GOP platform: Broadband and R&D tax credits

Widely available broadband, electronic health records and increased government spending on research and development (R&D) are among the technology-related goals in the U.S. Republican Party's 2004 platform, released this week.

Republicans, meeting in New York, adopted a wide-ranging platform that repeats technology goals set by President George Bush in recent months. The 106-page document, made available to the general public Wednesday, echoes a Bush plan, advanced in March, that calls for affordable broadband available to all U.S. residents by 2007.

Republican policies have helped advance broadband, the platform document says. "Broadband provides Americans with high-speed Internet access connections that improve the nation's economic productivity and offer life-enhancing applications, such as distance learning, remote medical diagnostics, and the ability to work from home more effectively," the platform says. "Broadband technology will enhance our nation's economic competitiveness and will improve education and health care for all Americans."

Policies such as a moratorium on broadband access taxes have encouraged broadband growth, the platform says. (The moratorium was supported by some Democrats and opposed by some Republicans.) The document notes broadband use in the U.S. has grown 300 percent from December 2000 to December 2003.

The document also notes that the amount of spectrum for wireless broadband applications such as Wi-Fi and Wi-Max has nearly doubled since Bush took office.

The platform also calls for most U.S. residents to have electronic health records within 10 years, saying e-records will reduce medical errors.

The platform repeats Bush administration talking points on R&D, noting that federal R&D spending between the 2001 and 2005 budgets rose 44 percent, to US$132 billion. Bush supports making an R&D tax credit permanent, the platform says, although a House version of a corporate tax bill passed in June by the Republican-controlled House only extends the credit for 18 months.

R&D is important because two-thirds of the growth in the U.S. economy in the '90s came from new technology, the platform says. "America's economy is undergoing a fundamental transition from one based primarily on manufacturing to one based on innovation, services, and ideas," the platform adds.

The Bush administration is best suited to create a good environment for IT companies, administration officials have argued in recent months. Broadband access and wireless broadband services are leading to new business models and new ways of working, John Marburger, director of the White House Office of Science and Technology Policy, said during a media briefing in late July.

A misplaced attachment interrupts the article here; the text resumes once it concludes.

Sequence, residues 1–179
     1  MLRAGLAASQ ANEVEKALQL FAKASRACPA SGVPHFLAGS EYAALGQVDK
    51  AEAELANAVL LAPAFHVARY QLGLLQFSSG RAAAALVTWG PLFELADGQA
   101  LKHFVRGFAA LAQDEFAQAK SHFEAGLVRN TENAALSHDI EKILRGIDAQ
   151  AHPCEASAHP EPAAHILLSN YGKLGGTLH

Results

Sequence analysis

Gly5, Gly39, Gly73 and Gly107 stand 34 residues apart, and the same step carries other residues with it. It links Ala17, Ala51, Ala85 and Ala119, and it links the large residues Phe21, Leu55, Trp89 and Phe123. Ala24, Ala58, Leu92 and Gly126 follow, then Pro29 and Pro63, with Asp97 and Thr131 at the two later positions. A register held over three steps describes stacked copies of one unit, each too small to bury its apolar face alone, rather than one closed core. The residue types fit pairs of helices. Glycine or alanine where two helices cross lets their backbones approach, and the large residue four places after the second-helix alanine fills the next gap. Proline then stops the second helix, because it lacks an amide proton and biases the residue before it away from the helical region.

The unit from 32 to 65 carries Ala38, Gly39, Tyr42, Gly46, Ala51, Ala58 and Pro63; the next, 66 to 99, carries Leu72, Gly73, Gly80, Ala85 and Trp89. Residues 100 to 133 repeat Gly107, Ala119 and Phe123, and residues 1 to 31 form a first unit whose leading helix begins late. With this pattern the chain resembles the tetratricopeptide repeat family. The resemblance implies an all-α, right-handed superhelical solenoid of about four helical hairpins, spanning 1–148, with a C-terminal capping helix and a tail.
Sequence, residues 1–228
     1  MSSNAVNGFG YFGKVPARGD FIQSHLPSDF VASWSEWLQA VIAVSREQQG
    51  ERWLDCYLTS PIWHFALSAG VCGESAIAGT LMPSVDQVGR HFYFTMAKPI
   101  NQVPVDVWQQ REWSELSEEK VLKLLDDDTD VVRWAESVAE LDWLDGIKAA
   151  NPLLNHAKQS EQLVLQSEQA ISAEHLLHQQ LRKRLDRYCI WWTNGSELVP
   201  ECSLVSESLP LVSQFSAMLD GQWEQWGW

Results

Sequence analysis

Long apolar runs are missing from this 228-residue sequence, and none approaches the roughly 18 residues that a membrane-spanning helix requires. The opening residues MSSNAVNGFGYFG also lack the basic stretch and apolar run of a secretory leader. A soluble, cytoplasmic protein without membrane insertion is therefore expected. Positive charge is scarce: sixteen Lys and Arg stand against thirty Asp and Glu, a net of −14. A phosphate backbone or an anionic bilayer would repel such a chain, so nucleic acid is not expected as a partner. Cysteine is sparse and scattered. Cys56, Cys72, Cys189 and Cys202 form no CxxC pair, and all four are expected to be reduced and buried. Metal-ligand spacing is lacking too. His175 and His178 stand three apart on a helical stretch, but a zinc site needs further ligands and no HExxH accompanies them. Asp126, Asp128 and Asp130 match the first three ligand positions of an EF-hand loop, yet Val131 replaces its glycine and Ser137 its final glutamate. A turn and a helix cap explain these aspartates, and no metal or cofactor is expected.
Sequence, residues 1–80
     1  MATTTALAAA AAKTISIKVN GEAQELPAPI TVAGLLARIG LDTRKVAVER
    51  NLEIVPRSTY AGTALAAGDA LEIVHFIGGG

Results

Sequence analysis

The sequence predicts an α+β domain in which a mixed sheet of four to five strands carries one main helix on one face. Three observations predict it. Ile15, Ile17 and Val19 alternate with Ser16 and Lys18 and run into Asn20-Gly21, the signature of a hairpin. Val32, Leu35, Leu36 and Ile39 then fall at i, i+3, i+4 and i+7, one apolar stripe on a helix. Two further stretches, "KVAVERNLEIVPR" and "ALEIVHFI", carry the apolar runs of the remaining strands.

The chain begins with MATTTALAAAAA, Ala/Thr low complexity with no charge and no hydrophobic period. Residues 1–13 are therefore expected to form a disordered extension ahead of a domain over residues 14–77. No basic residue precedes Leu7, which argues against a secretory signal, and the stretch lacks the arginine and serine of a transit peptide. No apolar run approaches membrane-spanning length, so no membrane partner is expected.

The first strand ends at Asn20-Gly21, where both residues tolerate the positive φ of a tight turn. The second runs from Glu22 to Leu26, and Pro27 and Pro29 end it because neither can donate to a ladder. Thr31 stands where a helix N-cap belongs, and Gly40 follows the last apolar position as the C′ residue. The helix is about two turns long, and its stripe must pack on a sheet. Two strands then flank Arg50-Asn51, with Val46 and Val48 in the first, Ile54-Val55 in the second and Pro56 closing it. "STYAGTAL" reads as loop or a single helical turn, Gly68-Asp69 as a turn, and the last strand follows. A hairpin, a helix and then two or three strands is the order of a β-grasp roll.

The Bush Administration has largely tried to avoid companies competing in the broadband marketplace, while making wireless spectrum available and extending the moratorium on Internet access taxes, Marburger said. "The administration understands this new (broadband) phase of the information technology revolution," he added.

Democrats, including former U.S. Federal Communications Commission Chairman Reed Hundt, have accused Bush of not being aggressive enough in pushing for a nationwide broadband infrastructure. Some Democrats, including Representative Rick Boucher of Virginia, also suggest a hands-off regulatory approach may not be enough to bring broadband to all corners of the U.S. Boucher has advocated tax credits for companies that roll out broadband in rural areas.

Democrats have also focused on offshore outsourcing as an issue in the presidential campaign. Boucher in June suggested Congress should explore tax penalties for moving jobs overseas.

The Republican platform doesn't deal with the issue of outsourcing, but calls for worker training for new jobs to be more readily available. "Ensuring that workers have the tools they need to succeed in the 21st Century Economy is a critical step in helping Americans be self-sufficient and successful," the platform says.

The Democrats' criticism of offshore outsourcing has turned off some technology executives, said Rick White, president and chief executive officer of the TechNet coalition. "Our members didn't like the idea that they were being called Benedict Arnold CEOs," said White, a former Republican congressman.

But both parties have heavily courted the support of the technology industry by pushing such issues as an improved U.S. education system, White said. Republicans, often supported by business leaders, have to be reminded not to take tech industry support for granted, White said.

While technology policies in both parties' platforms can translate into support from the IT industry, technology issues don't often turn into the ultimate political goal -- votes during elections, White noted. "Tech issues don't really move any voters," he said. "It's a rare tech issue that motivates anyone to vote."

The Republican platform is available at: http://www.gop.com/media/2004platform.pdf.

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